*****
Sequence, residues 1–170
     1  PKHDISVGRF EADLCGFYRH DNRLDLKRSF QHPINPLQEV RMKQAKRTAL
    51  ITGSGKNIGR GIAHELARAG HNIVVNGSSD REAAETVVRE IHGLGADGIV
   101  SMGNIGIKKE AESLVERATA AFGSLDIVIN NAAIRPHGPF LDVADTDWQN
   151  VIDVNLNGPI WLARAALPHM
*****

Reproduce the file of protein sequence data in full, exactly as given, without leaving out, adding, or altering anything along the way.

Sequence, residues 1–170
     1  PKHDISVGRF EADLCGFYRH DNRLDLKRSF QHPINPLQEV RMKQAKRTAL
    51  ITGSGKNIGR GIAHELARAG HNIVVNGSSD REAAETVVRE IHGLGADGIV
   101  SMGNIGIKKE AESLVERATA AFGSLDIVIN NAAIRPHGPF LDVADTDWQN
   151  VIDVNLNGPI WLARAALPHM